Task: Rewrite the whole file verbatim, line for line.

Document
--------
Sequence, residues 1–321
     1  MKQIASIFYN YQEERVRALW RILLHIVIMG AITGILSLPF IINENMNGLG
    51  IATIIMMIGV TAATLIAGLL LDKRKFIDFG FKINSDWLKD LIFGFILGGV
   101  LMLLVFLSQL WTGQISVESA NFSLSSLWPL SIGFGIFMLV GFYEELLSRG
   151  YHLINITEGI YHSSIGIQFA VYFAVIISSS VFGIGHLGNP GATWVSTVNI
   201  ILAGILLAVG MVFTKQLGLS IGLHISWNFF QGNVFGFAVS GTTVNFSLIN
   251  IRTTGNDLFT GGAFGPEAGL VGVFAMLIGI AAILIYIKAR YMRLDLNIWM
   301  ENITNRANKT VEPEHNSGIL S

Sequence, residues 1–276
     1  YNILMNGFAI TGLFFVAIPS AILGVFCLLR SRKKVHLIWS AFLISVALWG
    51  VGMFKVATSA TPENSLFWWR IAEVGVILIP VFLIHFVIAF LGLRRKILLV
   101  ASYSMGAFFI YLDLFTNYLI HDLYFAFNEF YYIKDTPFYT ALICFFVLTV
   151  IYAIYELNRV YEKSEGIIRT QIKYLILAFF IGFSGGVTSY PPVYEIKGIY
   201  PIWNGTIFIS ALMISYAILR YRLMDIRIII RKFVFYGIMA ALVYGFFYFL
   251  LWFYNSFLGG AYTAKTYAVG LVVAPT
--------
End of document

Sequence, residues 1–321
     1  MKQIASIFYN YQEERVRALW RILLHIVIMG AITGILSLPF IINENMNGLG
    51  IATIIMMIGV TAATLIAGLL LDKRKFIDFG FKINSDWLKD LIFGFILGGV
   101  LMLLVFLSQL WTGQISVESA NFSLSSLWPL SIGFGIFMLV GFYEELLSRG
   151  YHLINITEGI YHSSIGIQFA VYFAVIISSS VFGIGHLGNP GATWVSTVNI
   201  ILAGILLAVG MVFTKQLGLS IGLHISWNFF QGNVFGFAVS GTTVNFSLIN
   251  IRTTGNDLFT GGAFGPEAGL VGVFAMLIGI AAILIYIKAR YMRLDLNIWM
   301  ENITNRANKT VEPEHNSGIL S

Sequence, residues 1–276
     1  YNILMNGFAI TGLFFVAIPS AILGVFCLLR SRKKVHLIWS AFLISVALWG
    51  VGMFKVATSA TPENSLFWWR IAEVGVILIP VFLIHFVIAF LGLRRKILLV
   101  ASYSMGAFFI YLDLFTNYLI HDLYFAFNEF YYIKDTPFYT ALICFFVLTV
   151  IYAIYELNRV YEKSEGIIRT QIKYLILAFF IGFSGGVTSY PPVYEIKGIY
   201  PIWNGTIFIS ALMISYAILR YRLMDIRIII RKFVFYGIMA ALVYGFFYFL
   251  LWFYNSFLGG AYTAKTYAVG LVVAPT